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Regulating intimacy : a new legal paradigm / Jean L. Cohen.

By: Cohen, Jean L, 1946-.
Material type: TextTextSeries: JSTOR eBooks.Publisher: Princeton, N.J. : Princeton Univ. Press, c2002Description: 1 online resource (xi, 290 p.).ISBN: 9781400825035 (electronic bk.); 1400825032 (electronic bk.).Subject(s): Sex and law -- United States | Privacy, Right of -- United StatesGenre/Form: Electronic books.Additional physical formats: Print version:: Regulating intimacy.DDC classification: 342.73/0858 LOC classification: KF9325 | .C64 2002Online resources: Click here to view this ebook.
Contents:
Acknowledgments; Introduction; Overview; CHAPTER ONE: Constitutional Privacy in the Domain of Intimacy: The Battle over Reproductive Rights; CHAPTER TWO: Is There a Duty of Privacy? Law, Sexual Orientation, and the Dilemmas of Difference; CHAPTER THREE: Sexual Harassment Law: Equality vs. Expressive Freedom and Personal Privacy?; CHAPTER FOUR: The Debate over the Reflexive Paradigm; CHAPTER FIVE: Status or Contract? Beyond the Dichotomy; Notes; Cases Cited; Bibliography; Index.
Summary: The regulation of intimate relationships has been a key battleground in the culture wars of the past three decades. In this bold and innovative book, Jean Cohen presents a new approach to regulating intimacy that promises to defuse the tensions that have long sparked conflict among legislators, jurists, activists, and scholars. Disputes have typically arisen over questions that apparently set the demands of personal autonomy, justice, and responsibility against each other. Can law stay out of the bedroom without shielding oppression and abuse? Can we protect the pursuit of personal happiness wh.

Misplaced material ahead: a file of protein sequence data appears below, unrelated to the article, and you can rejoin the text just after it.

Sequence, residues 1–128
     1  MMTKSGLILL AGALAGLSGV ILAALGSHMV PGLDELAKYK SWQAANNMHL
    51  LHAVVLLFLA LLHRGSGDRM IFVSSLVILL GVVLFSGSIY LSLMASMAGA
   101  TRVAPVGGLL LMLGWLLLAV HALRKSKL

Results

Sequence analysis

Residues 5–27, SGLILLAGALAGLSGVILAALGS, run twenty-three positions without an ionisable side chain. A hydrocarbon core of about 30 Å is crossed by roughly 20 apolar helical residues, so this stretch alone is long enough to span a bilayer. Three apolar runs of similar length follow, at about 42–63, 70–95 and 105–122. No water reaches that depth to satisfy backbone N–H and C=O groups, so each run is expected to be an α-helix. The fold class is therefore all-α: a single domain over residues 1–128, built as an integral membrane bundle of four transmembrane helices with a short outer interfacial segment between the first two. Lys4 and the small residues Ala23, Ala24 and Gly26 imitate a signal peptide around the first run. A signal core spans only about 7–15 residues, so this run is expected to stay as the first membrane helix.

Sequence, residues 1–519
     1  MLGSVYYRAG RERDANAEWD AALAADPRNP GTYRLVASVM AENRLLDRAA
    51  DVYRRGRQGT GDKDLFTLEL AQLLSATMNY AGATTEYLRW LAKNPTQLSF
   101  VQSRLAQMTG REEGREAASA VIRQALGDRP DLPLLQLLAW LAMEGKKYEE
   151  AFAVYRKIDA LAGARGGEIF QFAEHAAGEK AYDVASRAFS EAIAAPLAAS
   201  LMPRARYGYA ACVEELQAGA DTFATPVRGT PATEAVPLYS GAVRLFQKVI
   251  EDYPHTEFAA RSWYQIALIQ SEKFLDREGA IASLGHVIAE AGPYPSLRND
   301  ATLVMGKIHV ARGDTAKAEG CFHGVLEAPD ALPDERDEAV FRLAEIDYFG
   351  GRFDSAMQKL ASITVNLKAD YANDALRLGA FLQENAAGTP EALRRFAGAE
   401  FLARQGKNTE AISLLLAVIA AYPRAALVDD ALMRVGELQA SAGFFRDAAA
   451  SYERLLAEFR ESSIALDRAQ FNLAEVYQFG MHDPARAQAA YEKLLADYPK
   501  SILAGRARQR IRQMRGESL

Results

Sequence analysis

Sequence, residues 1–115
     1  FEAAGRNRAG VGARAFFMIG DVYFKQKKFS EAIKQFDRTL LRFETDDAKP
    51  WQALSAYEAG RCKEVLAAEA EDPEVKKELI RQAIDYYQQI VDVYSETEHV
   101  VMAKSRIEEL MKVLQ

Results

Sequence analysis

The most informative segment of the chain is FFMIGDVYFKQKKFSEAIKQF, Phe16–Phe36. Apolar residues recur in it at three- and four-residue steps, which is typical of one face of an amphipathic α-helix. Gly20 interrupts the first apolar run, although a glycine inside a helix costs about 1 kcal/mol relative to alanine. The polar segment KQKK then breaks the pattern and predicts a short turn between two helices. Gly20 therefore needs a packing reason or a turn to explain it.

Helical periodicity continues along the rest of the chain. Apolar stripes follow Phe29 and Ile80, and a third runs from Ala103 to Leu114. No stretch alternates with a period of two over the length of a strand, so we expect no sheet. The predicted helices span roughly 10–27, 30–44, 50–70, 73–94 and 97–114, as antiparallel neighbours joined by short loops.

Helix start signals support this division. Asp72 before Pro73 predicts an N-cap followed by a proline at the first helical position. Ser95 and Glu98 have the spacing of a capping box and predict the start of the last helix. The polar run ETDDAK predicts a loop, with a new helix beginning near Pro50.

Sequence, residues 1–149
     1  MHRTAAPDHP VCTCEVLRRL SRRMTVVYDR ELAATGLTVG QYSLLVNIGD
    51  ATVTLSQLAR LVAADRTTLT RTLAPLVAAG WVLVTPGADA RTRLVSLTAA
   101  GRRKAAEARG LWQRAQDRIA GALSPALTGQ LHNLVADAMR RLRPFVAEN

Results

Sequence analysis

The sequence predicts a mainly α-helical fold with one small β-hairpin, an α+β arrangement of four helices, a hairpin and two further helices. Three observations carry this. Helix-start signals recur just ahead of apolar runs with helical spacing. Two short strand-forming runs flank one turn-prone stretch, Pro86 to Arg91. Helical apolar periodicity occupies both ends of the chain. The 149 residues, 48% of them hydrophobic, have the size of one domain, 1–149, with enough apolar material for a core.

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Item type Current location Call number URL Status Date due Barcode
Electronic Book UT Tyler Online
Online
KF9325 .C64 2002 (Browse shelf) https://ezproxy.uttyler.edu/login?url=http://www.jstor.org/stable/10.2307/j.ctt7s504 Available ocn367684452

Includes bibliographical references (p. [263]-277) and index.

Acknowledgments; Introduction; Overview; CHAPTER ONE: Constitutional Privacy in the Domain of Intimacy: The Battle over Reproductive Rights; CHAPTER TWO: Is There a Duty of Privacy? Law, Sexual Orientation, and the Dilemmas of Difference; CHAPTER THREE: Sexual Harassment Law: Equality vs. Expressive Freedom and Personal Privacy?; CHAPTER FOUR: The Debate over the Reflexive Paradigm; CHAPTER FIVE: Status or Contract? Beyond the Dichotomy; Notes; Cases Cited; Bibliography; Index.

The regulation of intimate relationships has been a key battleground in the culture wars of the past three decades. In this bold and innovative book, Jean Cohen presents a new approach to regulating intimacy that promises to defuse the tensions that have long sparked conflict among legislators, jurists, activists, and scholars. Disputes have typically arisen over questions that apparently set the demands of personal autonomy, justice, and responsibility against each other. Can law stay out of the bedroom without shielding oppression and abuse? Can we protect the pursuit of personal happiness wh.

Description based on print version record.

Author notes provided by Syndetics

Jean L. Cohen is Professor of Political Science at Columbia University. She is a specialist in contemporary political and legal theory with special interests in democratic theory, critical theory, civil society, sovereignty, gender, and law. She is author of Class and Civil Society: The Limits of Marxian Critical Theory and coauthor of Civil Society and Political Theory .

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